– For 10 and Under, an ORANGE or GREEN low compression ball moves a little faster and travels farther than the ball used with the younger group, but it still has a lower bounce than a traditional yellow ball.
The 10 and Under tennis play format uses courts and nets that are scaled to the size and ability level of young children.
– For 8 and Under, children will play on a court that is 36-feet long and 18-feet wide. The net is 18 feet long and 2 feet, 9-inches in height. Portable nets and support systems are available from many manufacturers, or temporary nets can be constructed using tape or caution tape tied to existing nets, fences or even chairs.
– For 10 and Under, a regulation net is used on the 60-foot court. If you are not using an existing court and net, the net height for the 60-foot court is three feet.
The scoring system has been modified as well. Gone is the traditional 15, 30, 40, deuce system. This type of scoring allows adaptability according to play level and tournament conditions.
– For 8 and Under, there are only seven points in a game, so match play is short and sweet. Kids play the best of three games; the first to score seven points wins the game. The first to win two games wins the match. The longest the match will last is approximately 20 minutes.
– For 10 and Under, players should play the best-of-three sets; the first to win four games wins a set. For the third set, the first player to win a seven point tiebreaker wins the match.
The Texas 10 and Under system, aligned with the 10 and Under rules for USTA National and the International Tennis Federation, became effective Jan. 1, 2012.
The 10 and Under system promotes play in both ORANGE ball and GREEN ball events and is structured to keep young players in ORANGE ball and GREEN ball events long enough to develop tactically and technically. A young player who is technically advanced and physically competent will be able to progress through the levels in a reasonable time period.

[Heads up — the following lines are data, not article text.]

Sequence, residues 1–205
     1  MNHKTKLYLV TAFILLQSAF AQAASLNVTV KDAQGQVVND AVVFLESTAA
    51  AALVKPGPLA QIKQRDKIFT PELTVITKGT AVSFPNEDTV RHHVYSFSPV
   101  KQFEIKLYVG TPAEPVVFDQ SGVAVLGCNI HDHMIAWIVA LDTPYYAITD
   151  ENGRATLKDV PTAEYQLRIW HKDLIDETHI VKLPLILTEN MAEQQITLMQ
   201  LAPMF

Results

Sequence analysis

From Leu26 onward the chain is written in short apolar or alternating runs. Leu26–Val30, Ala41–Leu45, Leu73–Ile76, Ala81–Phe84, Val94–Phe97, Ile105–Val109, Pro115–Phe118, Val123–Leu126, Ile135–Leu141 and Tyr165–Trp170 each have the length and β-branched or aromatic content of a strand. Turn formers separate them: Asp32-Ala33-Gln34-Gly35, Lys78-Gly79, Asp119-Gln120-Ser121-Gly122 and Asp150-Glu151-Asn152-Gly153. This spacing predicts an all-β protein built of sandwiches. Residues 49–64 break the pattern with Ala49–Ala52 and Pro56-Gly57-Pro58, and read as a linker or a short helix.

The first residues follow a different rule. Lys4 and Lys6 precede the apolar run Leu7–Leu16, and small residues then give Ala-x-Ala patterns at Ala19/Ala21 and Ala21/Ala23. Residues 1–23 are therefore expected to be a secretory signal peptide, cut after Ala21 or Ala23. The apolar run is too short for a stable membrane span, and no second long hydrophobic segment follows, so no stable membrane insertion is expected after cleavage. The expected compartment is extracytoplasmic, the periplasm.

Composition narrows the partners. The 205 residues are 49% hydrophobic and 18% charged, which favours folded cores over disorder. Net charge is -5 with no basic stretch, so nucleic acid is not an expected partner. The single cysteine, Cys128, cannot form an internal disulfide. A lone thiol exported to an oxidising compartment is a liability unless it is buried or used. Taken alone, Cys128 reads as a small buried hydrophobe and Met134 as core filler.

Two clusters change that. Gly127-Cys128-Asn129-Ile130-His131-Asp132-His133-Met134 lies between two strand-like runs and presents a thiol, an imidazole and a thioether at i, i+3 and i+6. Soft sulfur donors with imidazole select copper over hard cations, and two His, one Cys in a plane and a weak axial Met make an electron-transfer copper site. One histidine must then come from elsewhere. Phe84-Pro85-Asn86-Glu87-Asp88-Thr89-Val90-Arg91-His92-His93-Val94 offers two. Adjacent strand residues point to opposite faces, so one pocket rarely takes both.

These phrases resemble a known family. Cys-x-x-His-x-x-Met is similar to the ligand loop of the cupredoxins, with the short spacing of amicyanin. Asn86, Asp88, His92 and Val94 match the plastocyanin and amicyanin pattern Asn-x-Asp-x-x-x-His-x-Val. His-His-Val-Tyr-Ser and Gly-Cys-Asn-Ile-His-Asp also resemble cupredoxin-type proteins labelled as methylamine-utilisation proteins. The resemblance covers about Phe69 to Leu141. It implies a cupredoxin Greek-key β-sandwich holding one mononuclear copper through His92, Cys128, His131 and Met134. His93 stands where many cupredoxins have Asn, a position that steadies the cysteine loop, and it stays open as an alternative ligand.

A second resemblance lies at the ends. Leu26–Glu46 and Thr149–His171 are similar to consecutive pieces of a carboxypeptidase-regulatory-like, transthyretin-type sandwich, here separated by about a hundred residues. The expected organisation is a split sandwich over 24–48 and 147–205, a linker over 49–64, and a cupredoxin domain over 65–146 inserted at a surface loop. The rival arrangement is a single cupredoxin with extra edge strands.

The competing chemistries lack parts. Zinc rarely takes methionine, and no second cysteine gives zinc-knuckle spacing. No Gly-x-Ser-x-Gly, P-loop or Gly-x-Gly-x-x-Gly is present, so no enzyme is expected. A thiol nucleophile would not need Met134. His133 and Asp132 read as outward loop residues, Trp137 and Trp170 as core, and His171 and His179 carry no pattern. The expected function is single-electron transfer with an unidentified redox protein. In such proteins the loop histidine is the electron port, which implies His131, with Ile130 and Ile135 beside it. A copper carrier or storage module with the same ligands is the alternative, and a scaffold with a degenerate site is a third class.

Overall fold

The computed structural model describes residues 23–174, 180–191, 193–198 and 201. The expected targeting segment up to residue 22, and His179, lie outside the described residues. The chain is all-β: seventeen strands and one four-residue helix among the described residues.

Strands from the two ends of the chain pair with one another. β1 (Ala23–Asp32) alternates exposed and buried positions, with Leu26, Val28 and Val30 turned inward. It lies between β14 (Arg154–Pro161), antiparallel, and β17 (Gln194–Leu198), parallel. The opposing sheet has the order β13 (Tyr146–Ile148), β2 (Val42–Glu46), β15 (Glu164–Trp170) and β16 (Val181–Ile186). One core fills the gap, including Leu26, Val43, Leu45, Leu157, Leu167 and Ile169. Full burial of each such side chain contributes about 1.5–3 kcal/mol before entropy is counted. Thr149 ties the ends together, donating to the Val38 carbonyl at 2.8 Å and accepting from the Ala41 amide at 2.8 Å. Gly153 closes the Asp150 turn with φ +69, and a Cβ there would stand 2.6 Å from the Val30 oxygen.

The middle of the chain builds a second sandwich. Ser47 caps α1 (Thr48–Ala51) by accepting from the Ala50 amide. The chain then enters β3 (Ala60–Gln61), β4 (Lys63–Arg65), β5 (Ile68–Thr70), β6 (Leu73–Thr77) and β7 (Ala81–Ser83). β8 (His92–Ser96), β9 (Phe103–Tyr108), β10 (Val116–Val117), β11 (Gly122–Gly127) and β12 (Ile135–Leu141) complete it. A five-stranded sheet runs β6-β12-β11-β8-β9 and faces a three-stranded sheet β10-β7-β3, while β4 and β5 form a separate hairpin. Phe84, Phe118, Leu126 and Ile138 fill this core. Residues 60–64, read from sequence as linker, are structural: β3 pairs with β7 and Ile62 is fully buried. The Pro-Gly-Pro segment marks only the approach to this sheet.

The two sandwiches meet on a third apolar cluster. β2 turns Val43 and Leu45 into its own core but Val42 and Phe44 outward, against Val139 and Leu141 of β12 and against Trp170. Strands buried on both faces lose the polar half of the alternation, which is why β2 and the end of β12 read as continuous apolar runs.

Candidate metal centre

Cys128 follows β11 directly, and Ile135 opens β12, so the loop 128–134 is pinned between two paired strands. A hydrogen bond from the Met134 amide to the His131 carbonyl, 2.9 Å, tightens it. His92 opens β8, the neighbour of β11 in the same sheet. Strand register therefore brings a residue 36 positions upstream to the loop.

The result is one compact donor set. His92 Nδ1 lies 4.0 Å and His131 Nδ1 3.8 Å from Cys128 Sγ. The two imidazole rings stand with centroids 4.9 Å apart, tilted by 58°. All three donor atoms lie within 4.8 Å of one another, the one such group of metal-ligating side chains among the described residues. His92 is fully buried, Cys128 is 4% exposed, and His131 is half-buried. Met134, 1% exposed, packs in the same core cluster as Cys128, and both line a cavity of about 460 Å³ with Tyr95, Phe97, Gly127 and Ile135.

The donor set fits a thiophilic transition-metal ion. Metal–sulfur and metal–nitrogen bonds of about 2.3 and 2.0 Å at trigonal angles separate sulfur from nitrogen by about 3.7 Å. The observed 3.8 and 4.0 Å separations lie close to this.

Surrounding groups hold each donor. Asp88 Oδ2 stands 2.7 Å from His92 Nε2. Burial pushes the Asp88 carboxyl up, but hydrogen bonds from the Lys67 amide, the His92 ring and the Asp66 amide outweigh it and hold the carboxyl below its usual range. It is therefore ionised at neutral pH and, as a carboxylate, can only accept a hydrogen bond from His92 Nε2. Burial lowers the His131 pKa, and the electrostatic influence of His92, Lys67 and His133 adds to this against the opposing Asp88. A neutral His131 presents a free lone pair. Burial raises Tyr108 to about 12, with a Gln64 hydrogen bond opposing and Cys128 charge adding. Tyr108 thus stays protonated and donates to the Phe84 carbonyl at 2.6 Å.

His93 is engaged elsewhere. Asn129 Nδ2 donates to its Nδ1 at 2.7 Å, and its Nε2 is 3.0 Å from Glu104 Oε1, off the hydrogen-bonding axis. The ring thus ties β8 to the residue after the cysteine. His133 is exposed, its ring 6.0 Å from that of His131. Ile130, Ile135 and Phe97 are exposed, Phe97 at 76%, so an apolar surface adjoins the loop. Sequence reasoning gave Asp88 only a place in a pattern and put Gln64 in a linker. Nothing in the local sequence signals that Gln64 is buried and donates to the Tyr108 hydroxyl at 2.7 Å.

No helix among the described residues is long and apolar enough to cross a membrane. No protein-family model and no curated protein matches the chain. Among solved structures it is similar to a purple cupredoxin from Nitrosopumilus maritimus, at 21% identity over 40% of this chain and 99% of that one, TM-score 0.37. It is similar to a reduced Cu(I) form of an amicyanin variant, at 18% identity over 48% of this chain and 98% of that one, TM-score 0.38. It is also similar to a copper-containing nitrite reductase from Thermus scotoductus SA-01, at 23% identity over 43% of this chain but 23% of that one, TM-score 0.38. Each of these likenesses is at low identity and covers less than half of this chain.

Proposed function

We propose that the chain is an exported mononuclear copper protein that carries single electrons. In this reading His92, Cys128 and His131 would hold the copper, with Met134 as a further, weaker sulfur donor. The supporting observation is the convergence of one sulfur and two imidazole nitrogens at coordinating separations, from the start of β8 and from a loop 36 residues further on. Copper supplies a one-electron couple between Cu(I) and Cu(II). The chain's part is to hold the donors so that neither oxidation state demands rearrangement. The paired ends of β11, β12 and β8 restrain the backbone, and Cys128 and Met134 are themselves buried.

to view the entire Junior Know the Rules -- 10 and Under Tennis document.
Put 10 and Under Tennis Lines On Your Texas Courts Today!
With the 10 and Under Tennis movement taking over tennis programming, now is the time to put permanent 10 and Under Tennis Lines on your courts! The Austin Tennis Academy in Austin, Texas and the Arlington Tennis Center in Arlington, Texas did just that and has seen a dramatic increase in their youth programs. They’re just two of the many facilities in USTA Texas to paint 10 and Under lines on their courts.
Recently the USTA through its Davis Cup Legacy program is refurbishing and converting eight permanent 36-foot 10 and Under Tennis courts at the Austin Tennis Center. Four other courts will have blended lines placed on them to make them 60-foot 10 and Under courts to further develop youth tennis in Texas.
Did you know USTA Texas offers a grant to those facilities wishing to paint permanent lines on its courts? The current cost for lining courts ranges from $250-$500 per court.
For more information on how your community can benefit from permanent 10 and Under courts, blended lines or the grant program for equipment and other needs please contact Megan Longbotham-Young of USTA Texas (Community Development Department) at firstname.lastname@example.org.
For 10 and Under competition information (Competitive Department) contact Amanda Shaw
of USTA Texas at email@example.com